“Early in discussion, people were saying we had to get rid of Kratos,” Barlog told Stuart Whyte, director of VR Product Development at Sony London, in an hour-long post-mortem. “It was like, ‘he’s annoying, he’s done’.” Kratos began life as an anti-hero at a time when anti-heroes in games were scarce, Barlog went on. He was designed to be intensely unlikeable, which made sense back in 2005, but after three mainline games, some members of the God of War team felt the character had run his course.

They suggested a brand new protagonist, arguing that the game’s surrounding mythology was more important to the God of War brand than the character. “Kratos is not God of War – Greek mythology is God of War”. Barlog, however, argued that there was a great story to tell about rescuing such a man from his worst impulses. “They really did not like the character. They wanted a new character. It took a lot of convincing to make them think it was a good idea.”

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Super Mario Maker 2 review – whether you’re building or not, this is a joy

Fireballs through pipes. That was my first idea. It was inspired by a level in Super Mario Maker 2’s story mode in which I spawned a fire flower and then blitzed a room of Koopas by bouncing hot death through the pipes they had been using to travel around in and mess me up. When it was all over, I suddenly thought: what if you had a level, right, where Mario couldn’t really move very much, but he had all these pipes which he could launch fireballs down? What if there was a way to have him sort of play this pipe organ of glorious Mario murder, cleaning out the level and perhaps bringing the exit straight to him at the end of it?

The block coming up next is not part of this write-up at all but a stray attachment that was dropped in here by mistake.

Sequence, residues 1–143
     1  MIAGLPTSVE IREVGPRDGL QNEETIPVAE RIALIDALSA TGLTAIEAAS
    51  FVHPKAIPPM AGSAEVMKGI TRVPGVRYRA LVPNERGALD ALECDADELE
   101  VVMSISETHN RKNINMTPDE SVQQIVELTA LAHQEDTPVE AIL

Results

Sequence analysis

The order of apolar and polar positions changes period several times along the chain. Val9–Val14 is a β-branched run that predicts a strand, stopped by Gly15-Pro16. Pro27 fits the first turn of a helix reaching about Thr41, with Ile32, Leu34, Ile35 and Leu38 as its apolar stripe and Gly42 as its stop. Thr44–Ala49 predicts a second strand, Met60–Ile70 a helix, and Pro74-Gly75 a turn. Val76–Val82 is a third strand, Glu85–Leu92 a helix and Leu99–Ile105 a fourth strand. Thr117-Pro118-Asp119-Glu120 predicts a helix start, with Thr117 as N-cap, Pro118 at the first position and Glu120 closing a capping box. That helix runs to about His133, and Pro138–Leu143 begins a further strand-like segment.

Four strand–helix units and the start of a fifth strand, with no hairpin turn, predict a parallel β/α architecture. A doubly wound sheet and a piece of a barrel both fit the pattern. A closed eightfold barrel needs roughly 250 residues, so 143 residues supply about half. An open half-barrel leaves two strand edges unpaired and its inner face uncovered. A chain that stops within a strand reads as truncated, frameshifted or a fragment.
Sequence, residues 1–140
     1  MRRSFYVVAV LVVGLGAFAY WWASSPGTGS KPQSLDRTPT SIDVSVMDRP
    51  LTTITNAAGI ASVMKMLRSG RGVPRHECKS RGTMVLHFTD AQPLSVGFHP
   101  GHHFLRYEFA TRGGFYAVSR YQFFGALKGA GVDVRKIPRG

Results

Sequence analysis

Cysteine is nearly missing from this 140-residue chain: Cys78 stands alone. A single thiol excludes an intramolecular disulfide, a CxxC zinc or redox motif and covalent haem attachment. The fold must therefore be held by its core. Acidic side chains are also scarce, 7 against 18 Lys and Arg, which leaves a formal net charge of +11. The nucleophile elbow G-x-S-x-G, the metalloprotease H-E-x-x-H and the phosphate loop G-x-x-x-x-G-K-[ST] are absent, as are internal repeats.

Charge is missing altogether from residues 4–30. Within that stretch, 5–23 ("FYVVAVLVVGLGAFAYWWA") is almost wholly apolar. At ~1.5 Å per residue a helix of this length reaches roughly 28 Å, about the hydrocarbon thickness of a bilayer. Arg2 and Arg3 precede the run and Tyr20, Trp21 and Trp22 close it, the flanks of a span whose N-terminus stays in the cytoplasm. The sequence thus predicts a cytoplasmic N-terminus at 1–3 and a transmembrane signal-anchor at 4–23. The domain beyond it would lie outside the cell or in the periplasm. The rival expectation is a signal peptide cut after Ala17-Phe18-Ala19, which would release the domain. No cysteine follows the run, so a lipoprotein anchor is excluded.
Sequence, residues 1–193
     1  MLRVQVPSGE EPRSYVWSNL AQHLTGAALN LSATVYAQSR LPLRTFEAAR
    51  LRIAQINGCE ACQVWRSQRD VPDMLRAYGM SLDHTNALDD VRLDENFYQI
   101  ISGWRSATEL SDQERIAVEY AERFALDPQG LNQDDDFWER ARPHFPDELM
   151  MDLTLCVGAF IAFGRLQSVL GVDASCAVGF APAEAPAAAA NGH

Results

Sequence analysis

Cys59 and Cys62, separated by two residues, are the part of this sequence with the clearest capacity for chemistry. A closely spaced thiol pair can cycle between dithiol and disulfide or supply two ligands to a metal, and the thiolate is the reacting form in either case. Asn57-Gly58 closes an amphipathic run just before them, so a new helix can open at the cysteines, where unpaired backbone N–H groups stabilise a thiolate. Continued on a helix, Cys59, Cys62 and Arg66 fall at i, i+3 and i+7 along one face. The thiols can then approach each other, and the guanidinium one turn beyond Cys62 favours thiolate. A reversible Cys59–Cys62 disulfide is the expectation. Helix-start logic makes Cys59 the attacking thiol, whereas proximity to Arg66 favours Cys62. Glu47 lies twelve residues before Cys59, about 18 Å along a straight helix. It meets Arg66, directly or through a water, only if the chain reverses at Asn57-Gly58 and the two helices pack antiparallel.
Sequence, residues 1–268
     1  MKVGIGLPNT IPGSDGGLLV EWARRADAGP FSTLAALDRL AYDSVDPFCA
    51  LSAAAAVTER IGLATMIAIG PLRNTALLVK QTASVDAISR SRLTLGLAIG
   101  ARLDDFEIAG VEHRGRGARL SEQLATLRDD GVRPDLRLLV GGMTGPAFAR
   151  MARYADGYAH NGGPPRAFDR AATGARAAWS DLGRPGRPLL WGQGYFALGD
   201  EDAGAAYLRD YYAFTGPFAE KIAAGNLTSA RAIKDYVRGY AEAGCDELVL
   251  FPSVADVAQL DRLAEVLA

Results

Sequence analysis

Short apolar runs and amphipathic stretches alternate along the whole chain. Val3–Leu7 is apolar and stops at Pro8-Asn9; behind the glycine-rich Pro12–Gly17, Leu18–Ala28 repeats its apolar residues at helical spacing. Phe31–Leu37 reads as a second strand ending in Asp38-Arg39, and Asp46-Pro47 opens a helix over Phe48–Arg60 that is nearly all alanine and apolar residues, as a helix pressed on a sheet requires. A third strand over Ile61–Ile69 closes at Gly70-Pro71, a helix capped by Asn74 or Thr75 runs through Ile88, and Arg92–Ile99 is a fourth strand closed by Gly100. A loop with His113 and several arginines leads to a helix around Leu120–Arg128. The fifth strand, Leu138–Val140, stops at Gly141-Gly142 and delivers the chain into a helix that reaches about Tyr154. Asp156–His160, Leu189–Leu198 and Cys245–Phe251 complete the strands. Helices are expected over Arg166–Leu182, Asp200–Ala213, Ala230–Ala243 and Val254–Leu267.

This is the first idea I have ever had for a Mario level. It’s the first idea I’ve ever really had for anything, if I’m being honest. And the key is that it didn’t come out of nowhere. The story mode in Mario Maker 2 – a wonderfully frothy collection of over 100 scattershot challenges that takes its cues, I gather, from a similar addition to the 3DS Mario Maker port – gave me the idea. It made me think about the possibilities inherent in the pieces of Mario without me even realising that’s what I was doing. It gave me a prod in the right direction and I barely noticed it even as I started to move.

Mario Maker 2 has a lot of stuff that other content creation games don’t. It has a pigeon that helps you through the tutorials. It has an undo button that is also a dog, and a clean-slate button that is a rocket. But the core thing it has, its unfair advantage in the marketplace, to use the chilly language of VCs, is this: you understand its world from the off. You know how things work. You know what Mario can do and you know how the creatures and objects around him behave. So when it comes to making things yourself, the gentlest of nudges is all you need.

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Ex-Blizzard boss Mike Morhaime on why the studio bins 50% of its projects

When former Blizzard boss Mike Morhaime left the company in April, he had worked at the studio he helped co-found for more than 28 years. Morhaime was at Blizzard before it was called Blizzard, when it was named Silicon & Synapse and when its employee count was three.

He decided to leave to spend more time with his family, Morhaime told an audience at Gamelab conference in Barcelona today, attended for Eurogamer by Edwin Evans-Thirlwell. The talk was hosted by GamesBeat’s Dean Takahashi, and Morhaime’s wife and four-year-old daughter were in the front row.

Morhaime said he’d begun thinking about what was next for him – and had been busy attending conferences to hear more from others who make games. But the lion’s share of the talk centred on his past – on his time at Blizzard, and its many ups and downs.